Gurkars (president) of various wards of the parish bring matured bunches of paddy corn to the church where they are blessed and offered to the congregation. A special prayer recited at the blessing reads: “Father of mercy give your people help and strength from Heaven…. May this celebration of (Mary’s) birthday bring us closer to lasting peace”. Prayers are also invoked “To bless these new fruits in your blessed name…. Grant health of body and soul to those who receive these new fruits”.



Nativity continues to be a favourite of children. An impressive part of Nativity is the novena that precedes the feast – nine days of devotion involving offering of flowers to Mary in the bambina by children. The floral offerings are accompanied by stanzas of hymn preceded, interspersed and followed by a chorus. When the chorus is sung, fistful of flowers is flung into the air in unison.


A free translation of the hymn in Konkani reflects the sentiments of the devotees towards Mary.


Let us all get together and come close
Let us sing with one voice and praise Mary


Let us search the gardens and fields and gather flowers
Where then will we find flowers fit for Mary?


Let us make a laurel out of them and offer to Mary
By tomorrow these Jasmines and roses will fade.


May your name increase in fame and your devotion spread afar
With your blessings may our nation prosper.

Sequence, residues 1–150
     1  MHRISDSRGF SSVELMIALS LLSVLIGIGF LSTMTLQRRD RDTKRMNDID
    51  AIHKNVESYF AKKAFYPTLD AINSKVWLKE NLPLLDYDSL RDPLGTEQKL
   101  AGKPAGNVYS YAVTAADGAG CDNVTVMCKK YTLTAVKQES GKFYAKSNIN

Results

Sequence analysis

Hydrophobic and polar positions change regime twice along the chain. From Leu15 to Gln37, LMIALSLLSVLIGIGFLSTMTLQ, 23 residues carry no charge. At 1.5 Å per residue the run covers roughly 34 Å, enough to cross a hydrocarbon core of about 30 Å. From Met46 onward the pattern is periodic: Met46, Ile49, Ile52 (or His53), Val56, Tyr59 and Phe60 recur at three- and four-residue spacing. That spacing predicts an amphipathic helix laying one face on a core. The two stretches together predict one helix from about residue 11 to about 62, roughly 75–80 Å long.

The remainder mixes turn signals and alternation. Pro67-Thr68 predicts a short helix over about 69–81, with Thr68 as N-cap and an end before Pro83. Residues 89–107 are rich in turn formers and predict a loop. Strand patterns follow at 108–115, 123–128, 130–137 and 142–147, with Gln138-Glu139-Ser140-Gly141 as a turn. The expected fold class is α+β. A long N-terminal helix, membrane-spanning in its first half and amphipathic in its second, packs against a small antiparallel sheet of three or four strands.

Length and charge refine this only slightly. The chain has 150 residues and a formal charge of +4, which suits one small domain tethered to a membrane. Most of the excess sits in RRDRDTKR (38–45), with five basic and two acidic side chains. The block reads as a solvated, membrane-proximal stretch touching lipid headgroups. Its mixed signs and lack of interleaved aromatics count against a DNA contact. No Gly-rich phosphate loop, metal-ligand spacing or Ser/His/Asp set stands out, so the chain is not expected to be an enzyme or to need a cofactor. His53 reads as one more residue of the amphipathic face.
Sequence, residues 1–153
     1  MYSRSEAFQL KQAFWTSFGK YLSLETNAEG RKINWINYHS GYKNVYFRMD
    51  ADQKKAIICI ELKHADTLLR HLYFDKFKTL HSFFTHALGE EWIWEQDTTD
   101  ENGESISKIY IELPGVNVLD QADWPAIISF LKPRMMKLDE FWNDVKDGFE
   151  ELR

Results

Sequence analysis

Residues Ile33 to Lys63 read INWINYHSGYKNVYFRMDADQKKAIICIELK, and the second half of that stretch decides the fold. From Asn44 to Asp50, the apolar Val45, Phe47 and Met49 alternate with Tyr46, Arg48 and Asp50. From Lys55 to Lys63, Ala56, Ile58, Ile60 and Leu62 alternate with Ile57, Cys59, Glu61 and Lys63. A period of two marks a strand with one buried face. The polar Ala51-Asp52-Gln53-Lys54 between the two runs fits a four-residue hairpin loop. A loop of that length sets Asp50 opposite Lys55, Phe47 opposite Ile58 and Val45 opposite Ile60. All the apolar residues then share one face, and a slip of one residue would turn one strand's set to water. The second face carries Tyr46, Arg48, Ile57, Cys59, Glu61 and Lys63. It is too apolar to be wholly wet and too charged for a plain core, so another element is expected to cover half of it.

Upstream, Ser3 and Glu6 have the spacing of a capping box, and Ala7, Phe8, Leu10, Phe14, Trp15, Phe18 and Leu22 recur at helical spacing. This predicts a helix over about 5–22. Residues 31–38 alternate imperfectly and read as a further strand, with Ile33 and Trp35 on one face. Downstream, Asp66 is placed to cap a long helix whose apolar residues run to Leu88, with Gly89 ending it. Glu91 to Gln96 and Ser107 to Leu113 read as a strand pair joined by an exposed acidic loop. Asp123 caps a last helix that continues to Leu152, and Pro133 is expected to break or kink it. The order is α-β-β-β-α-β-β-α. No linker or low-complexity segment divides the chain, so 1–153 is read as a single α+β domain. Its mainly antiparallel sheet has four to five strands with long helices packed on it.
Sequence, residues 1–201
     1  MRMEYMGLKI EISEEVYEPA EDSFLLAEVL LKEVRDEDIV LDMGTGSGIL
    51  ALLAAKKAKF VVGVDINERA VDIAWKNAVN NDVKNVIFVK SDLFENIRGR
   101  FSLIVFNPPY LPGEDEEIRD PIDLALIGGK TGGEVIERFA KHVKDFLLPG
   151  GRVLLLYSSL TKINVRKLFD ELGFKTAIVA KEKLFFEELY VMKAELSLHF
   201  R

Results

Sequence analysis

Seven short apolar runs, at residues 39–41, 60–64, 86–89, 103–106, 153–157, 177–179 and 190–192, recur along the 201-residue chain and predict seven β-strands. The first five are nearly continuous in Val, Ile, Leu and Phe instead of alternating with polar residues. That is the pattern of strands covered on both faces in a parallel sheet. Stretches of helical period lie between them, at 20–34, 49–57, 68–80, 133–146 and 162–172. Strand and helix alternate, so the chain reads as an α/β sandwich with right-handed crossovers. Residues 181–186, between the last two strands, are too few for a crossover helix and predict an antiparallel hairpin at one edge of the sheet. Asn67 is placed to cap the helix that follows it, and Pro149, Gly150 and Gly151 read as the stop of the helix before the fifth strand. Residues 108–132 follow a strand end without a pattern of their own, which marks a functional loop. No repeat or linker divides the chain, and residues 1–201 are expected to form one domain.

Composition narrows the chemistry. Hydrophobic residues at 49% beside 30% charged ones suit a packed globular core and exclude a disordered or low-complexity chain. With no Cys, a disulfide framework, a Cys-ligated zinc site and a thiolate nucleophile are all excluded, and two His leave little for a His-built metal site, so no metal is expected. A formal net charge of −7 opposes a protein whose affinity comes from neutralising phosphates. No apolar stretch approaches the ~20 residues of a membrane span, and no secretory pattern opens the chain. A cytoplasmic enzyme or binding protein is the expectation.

On the days of the novena, children who participate in floral offerings are presented sweets and sugar canes on the feast day. The poor are distributed rice, coconuts, vegetables and other goodies by the Catholic parishes. These are donated by generous and able parishioners.


Despite the popularity of Monthi Fest, not many one stop to ask why it is called Monthi Fest. Some research and inquiries with people who should know leads me to the conclusion that Monthi Fest, as it is celebrated in Canara, originated at Farangipet about 260 years ago. Farangipet is home to an ancient Catholic outpost which at various times has been, and still is, a church, friary and seminary. Located on top of a hill on the northern bank of Nethravati River, the ancient name of the place is Monte Mariano – Mount of Mary. The Monthi Fest derives its name, with little corruption, from “Monte”. It was here that a Goan secular priest, Fr. Joachim Miranda, started the annual feast to coincide with the feast of Nativity of Mary. But, Catholics are generally unfamiliar with the Monte Mariano name and call the place Coventh (convent). Even the RTC, based on ancient land records, notes the owner of the plot as Monthu Mary Cuvent Devaru.


Some hold that Monthi Fest originated in Bandra, Bombay. The Mount Mary shrine there, located on a hillock close to Arabian Sea, traces its origin, as a small chapel, to 1566. That “Mount” in English and Farangipet’s “Monte” in Portuguese has the same meaning and is open to corruption to “Monthi” in Konkani. The shrine in Bandra is dedicated to Infant Mary. Mount Mary feast is celebrate in Bombay for eight days starting from Sunday preceding September 8 and concluding on the following Sunday. The eight days, specially the two Sundays, transform Bandra into a vast Mela, with crowds belonging to all religions thronging the hill-top shrine and fair stalls along the slopes of the hill.